Homeland Security Hearing On Data Breach: CBP Seem To Not Know What They’re Doing

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The hearing conducted by the Department of Homeland Security this week that centers on the recent data breach that compromised images of American and foreign travelers from airports’ facial recognition system, proved that there are officials in the position who is incompetent regarding data security and technology in general.

A senior Customs and Border Protection (CBP) official proved unable to answer the most rudimentary questions about a recent data breach and instead of sending a capable expert from their office, the CBP sent John Wagner, the deputy executive assistant commissioner of the agency’s Office of Field Operations, who, according to critics, cannot and did not offer any intelligible answer even to the most rudimentary questions about the issue at hand.

According to other reports, Wagner does not know details of the breach, including those that involved their agency. For example, when asked whether the surveillance company at the center of the breach, Perceptics, first reported the incident to CBP, or whether it was the other way around, the senior official was not sure what to say.

Instead, he said: “I believe we asked them about it […] I need to verify this.”

He even admits that he has problems recalling even the most obvious details about the case. “My recollection seems to be that we asked them if any of our data was included in it, and they came back and said yes,” he said.

Interestingly, Perceptics and CBP seem not to have the same memory of what happened. In an interview with the Washington Post, Perceptics said that they discovered the data breach on May 13th and immediately reported the incident to the Federal Bureau of Investigation within the next 24 hours after their discovery. However, in a statement that the regulatory agency released last month, CBP said that they were only made aware of the data breach on May 31st.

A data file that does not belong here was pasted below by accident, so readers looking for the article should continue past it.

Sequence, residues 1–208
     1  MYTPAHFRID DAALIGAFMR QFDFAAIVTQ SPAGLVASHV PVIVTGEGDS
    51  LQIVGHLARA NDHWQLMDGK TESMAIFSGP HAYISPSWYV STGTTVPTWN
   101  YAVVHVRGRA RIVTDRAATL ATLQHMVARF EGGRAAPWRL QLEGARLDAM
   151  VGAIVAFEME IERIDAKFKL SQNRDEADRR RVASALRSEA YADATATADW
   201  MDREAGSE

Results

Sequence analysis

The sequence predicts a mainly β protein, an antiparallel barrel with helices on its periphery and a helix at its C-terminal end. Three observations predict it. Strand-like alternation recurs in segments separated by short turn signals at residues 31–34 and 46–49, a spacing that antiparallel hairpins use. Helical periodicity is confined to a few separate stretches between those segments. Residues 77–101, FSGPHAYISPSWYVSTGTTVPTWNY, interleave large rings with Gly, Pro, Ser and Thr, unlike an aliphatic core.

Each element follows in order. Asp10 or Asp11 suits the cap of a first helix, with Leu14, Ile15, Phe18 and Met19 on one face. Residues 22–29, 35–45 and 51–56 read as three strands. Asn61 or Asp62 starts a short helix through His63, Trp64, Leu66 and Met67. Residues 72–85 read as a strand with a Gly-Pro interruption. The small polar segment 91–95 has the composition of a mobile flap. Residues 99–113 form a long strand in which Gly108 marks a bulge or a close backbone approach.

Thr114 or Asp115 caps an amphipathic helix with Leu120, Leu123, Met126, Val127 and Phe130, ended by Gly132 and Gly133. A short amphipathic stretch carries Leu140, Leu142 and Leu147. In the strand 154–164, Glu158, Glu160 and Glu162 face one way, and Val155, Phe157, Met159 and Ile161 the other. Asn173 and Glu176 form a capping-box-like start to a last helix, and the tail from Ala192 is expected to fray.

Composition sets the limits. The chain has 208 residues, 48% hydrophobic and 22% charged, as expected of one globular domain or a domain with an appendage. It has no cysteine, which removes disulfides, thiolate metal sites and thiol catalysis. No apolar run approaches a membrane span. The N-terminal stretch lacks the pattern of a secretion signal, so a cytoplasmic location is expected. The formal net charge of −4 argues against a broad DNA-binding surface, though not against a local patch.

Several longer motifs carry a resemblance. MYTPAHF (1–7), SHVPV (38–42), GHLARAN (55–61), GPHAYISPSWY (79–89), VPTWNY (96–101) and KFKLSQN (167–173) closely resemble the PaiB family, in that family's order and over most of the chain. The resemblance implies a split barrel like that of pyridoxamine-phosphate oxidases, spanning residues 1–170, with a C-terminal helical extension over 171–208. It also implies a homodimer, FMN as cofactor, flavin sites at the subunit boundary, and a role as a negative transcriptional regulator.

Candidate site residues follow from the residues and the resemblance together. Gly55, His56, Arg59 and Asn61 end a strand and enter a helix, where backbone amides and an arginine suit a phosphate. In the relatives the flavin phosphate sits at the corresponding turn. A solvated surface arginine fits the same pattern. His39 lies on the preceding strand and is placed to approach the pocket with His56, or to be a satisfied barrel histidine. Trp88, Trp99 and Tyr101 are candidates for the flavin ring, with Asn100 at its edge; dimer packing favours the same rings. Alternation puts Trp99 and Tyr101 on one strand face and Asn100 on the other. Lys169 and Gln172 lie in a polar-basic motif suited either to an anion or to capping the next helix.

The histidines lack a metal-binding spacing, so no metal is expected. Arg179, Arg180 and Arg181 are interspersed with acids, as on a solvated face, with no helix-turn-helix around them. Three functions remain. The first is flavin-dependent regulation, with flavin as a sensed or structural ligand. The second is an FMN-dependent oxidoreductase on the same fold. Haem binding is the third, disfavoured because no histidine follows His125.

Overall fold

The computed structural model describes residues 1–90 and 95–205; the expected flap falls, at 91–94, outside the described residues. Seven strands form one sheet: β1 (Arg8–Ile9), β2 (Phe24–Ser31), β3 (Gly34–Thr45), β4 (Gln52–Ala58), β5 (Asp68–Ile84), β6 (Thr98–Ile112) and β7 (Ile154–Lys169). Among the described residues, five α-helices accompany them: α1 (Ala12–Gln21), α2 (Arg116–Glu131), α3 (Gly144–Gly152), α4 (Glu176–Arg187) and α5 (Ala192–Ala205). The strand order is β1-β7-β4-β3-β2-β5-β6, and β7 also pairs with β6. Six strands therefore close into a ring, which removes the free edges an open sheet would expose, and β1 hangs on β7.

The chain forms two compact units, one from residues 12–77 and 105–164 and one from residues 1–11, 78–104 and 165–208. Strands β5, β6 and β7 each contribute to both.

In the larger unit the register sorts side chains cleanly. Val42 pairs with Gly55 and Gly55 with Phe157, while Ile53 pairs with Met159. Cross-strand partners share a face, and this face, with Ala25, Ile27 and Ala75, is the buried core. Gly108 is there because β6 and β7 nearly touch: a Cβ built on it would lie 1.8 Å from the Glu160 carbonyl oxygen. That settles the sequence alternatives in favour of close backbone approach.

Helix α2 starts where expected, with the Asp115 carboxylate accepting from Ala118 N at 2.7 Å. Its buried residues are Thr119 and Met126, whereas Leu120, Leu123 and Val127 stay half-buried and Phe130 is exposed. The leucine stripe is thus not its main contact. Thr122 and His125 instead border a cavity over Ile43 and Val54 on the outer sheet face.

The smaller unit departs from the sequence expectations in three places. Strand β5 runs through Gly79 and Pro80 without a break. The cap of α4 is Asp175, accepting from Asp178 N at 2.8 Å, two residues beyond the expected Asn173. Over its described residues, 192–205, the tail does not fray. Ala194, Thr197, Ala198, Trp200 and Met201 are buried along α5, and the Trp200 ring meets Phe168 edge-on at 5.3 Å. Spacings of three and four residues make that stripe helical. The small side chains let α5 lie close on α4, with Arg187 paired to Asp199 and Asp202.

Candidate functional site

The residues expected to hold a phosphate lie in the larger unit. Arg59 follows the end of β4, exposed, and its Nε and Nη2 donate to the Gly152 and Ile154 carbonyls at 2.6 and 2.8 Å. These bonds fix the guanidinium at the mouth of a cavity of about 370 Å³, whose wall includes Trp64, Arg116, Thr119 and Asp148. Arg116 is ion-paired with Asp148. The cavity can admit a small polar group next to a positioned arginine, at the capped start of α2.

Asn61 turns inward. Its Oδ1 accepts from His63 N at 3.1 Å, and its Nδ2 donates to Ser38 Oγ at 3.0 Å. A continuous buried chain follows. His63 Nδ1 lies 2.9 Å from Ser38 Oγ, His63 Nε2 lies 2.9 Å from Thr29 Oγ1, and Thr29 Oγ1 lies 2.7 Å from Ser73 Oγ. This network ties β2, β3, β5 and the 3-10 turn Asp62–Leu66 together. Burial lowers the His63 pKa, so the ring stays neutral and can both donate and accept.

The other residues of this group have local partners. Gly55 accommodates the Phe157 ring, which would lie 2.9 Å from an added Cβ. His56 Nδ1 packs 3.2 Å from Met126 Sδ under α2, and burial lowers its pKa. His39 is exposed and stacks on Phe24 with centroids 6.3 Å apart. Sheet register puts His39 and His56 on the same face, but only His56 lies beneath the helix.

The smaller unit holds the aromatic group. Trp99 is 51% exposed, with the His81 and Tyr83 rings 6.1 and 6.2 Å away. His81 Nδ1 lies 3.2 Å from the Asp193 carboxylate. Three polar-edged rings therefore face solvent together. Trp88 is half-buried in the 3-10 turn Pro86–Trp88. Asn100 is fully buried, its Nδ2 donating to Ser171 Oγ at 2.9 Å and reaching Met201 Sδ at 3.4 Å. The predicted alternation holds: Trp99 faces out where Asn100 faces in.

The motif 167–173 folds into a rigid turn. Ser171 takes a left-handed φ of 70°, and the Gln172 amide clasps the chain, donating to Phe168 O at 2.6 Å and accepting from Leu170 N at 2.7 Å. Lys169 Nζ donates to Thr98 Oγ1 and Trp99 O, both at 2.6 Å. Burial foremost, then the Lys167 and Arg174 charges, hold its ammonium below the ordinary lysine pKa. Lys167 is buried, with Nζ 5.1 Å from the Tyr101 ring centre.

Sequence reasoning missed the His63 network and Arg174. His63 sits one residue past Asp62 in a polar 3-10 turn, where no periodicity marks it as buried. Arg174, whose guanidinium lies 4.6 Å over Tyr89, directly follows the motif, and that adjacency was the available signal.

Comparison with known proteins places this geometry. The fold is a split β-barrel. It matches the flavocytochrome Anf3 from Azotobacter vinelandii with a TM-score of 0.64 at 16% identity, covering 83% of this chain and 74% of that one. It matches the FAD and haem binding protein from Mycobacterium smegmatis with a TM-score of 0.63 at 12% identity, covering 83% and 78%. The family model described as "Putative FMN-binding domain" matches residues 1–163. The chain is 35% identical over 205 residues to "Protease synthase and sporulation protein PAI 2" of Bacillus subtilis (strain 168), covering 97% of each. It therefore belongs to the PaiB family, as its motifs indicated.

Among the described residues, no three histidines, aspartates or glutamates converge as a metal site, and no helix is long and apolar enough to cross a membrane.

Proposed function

Furthermore, it is also questioned why the CBP insisted in the statement that it released that none of the images included in the said data breach were found online and could not be traced to anybody when journalist and independent investigators have reported seeing the leaked photos online.

Emma Best, a journalist whose organization, Distributed Denial of Secrets, has cataloged the exposed data and made it available for public review, described the breach as one of the largest known involving a government contractor. It includes, for instance, hundreds of thousands of emails and documents, passwords, schematics, and equipment lists. “It’s virtually all of the company’s data,” she said.

“It spells out how their surveillance systems and services work, giving more than enough detail to reconstruct it. The cache covers border security and surveillance systems, along with systems for government and private facilities including CBP, the Drug Enforcement Agency, and the Pentagon,” she said.

To make matters worse, Wagner could also not tell Homeland Security whether their agency is monitoring and auditing their government contractors. When asked, he said: “I’m not aware of that. I don’t know.”

Furthermore, even if the notification procedure is an essential process in handling data breach cases, Wagner wasn’t also sure whether or not they should report to Congress what.

“We do report it to Congress if it meets a certain threshold,” he said. But when asked what the threshold was, he replied: “I don’t know offhand.”

“I believe it’s a hundred thousand,” he said. A hundred thousand of what—Files? Gigabytes? Victims?—it’s unclear. “I’ll have to get back to you on that,” he said.

Worse, instead of taking responsibility for the incident, Wagner is pressing the blame to their contractor saying that they were not informed about the data breach “for a significant amount of time” after Perceptics allegedly discovered the compromise.

When asked how long the breach went unreported, he told lawmakers, “I have that answer.” But then he added, “Let me look for that, and I’ll come back to you.” But he never did.

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